Using rainwater and grey-water to reduce fresh-water consumption

Using rainwater and grey-water to reduce fresh-water consumption
©Mr Twister, image #92827682, 2017, source:
All sectors
Medium cost
Annual saving:
10 - 15 % / 8000 - 25000€
Payback time:
10 - 30 Year(s)
Resource savings: Water:
Using rainwater for toilet flushing, a company of 100 employees can save 300 m3 (water-saving WCs) to 400 m3 (9-litre WCs) of fresh-water annually
Associated cost savings: Water:
10 - 15%
Payback time:
Equipment costs in water-recycling facilities are generally higher and the payback period longer than for other water-efficiency measures (achievable savings for grey-water recycling are higher than for rainwater recycling) Water costs and waste-water treatment fees vary greatly in different regions and this has an impact on economic feasibility
Total cost savings:
For a company of 100 employees using rainwater for flushing toilets, savings depend on the water efficiency of WCs and costs for fresh-water and sewage Savings for grey-water recycling largely depend on local conditions (e.g. suitable grey-water, possible uses)
Premises and operation areas:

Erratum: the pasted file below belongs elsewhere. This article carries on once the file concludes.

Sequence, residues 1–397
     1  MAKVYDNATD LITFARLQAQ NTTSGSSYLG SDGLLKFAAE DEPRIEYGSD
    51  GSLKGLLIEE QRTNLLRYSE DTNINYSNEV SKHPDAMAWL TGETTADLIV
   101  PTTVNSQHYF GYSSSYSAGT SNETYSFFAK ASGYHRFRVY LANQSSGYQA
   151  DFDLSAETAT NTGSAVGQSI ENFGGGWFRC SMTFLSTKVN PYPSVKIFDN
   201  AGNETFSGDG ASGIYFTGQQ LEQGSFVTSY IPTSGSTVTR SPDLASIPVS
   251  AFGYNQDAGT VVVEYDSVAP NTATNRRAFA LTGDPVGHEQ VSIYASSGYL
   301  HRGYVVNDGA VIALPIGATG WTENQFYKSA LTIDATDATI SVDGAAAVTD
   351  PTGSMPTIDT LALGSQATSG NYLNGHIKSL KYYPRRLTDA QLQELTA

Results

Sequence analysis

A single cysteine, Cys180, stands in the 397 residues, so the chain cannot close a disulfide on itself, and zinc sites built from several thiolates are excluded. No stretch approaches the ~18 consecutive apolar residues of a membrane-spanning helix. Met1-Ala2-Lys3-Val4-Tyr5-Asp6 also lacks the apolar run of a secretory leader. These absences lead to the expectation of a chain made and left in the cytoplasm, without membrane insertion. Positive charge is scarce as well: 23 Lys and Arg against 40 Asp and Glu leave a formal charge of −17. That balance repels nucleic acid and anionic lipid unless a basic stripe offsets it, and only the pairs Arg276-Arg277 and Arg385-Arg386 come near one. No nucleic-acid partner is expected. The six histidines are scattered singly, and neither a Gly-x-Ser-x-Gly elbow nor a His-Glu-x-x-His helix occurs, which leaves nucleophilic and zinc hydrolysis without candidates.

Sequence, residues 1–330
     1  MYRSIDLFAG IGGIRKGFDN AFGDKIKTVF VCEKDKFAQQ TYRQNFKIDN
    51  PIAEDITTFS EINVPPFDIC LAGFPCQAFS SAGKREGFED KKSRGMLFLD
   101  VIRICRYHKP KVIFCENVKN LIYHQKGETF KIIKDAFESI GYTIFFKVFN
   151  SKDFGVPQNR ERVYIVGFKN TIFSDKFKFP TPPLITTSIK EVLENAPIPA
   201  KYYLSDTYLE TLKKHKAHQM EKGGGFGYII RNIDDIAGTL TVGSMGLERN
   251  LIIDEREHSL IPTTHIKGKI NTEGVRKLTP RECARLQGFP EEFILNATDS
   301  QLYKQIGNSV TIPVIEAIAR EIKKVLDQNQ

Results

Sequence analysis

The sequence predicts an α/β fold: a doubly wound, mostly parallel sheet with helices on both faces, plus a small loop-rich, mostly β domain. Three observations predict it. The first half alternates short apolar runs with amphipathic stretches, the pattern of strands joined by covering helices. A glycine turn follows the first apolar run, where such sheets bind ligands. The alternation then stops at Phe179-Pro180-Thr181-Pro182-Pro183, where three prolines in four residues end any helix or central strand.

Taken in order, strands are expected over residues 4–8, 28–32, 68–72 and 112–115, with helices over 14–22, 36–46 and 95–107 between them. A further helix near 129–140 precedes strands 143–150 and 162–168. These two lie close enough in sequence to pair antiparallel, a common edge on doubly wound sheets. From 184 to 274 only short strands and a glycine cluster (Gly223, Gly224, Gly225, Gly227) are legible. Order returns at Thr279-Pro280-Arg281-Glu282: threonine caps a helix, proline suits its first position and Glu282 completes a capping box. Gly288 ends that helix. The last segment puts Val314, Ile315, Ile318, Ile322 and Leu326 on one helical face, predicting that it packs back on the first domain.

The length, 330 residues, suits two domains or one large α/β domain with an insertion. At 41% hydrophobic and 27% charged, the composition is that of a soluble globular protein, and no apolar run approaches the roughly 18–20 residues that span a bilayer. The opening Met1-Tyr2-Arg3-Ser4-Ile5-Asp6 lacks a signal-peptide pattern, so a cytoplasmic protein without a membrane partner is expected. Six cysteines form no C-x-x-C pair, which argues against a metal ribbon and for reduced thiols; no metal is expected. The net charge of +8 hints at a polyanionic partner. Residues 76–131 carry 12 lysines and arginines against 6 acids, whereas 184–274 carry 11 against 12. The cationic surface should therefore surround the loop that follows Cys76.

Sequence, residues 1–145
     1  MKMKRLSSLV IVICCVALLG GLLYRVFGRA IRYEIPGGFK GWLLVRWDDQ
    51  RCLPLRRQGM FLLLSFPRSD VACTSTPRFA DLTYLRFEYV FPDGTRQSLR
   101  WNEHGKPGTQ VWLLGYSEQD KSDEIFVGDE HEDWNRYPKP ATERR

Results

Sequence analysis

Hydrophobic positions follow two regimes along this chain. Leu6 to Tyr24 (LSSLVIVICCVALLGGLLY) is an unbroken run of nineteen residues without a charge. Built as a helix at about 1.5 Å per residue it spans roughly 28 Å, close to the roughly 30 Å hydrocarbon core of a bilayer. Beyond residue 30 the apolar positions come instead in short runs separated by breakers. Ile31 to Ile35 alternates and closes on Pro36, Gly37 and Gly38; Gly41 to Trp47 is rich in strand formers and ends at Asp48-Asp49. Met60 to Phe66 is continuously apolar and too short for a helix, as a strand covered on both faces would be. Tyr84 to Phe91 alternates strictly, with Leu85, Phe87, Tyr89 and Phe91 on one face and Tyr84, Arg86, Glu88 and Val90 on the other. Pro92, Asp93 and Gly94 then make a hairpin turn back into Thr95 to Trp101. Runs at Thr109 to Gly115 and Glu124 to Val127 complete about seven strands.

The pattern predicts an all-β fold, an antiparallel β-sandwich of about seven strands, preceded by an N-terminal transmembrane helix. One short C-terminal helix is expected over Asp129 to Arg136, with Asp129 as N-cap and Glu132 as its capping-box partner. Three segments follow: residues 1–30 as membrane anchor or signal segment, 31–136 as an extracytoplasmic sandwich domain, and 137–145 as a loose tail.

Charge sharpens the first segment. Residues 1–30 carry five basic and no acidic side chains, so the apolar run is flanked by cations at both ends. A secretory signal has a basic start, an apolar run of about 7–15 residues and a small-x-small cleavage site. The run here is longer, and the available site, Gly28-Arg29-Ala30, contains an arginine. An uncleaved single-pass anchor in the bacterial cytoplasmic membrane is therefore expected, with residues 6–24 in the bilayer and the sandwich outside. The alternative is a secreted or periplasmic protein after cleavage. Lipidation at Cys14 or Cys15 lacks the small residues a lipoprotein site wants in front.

Office building, Production building
Size of company:
Micro (less than 10), Small (less than 50), Medium (less than 250), Large (more than 250)
Advancement in applying resource efficiency measures:
Intermediate, Advanced
What is in it for you:
The use of rainwater and grey-water can reduce the cost of fresh-water as well as sewage.
Descriptive information:

Rainwater and grey-water can be used instead of fresh-water in a number of applications, including toilet flushing, cleaning and irrigation, which reduces fresh- and waste-water volumes and corresponding costs. 

Grey-water is slightly polluted waste-water e.g. from showers or production. It can be easily treated and reused in different processes. Rainwater can be used in, for example, fire-fighting reservoirs, as cooling water or in heating systems. Rainwater can be collected from roof-tops, filtered and stored in reservoirs. Rainwater also contains no chalk, so less detergent or chemicals are needed when used for cleaning.

Using rainwater and grey-water can reduce the cost of fresh-water as well as for sewage. In addition to water-efficiency measures, water recycling can reduce fresh-water consumption by about 10 %, which has financial and environmental benefits, especially in water-poor regions trying to mitigate the impacts of climate change. 

The installation of rainwater and grey-water recycling systems is applicable to all new buildings. Retrofitting such systems to existing buildings is expensive and impractical unless the building is undergoing extensive renovation. Building ownership is also an issue for the renovation of buildings with these systems.

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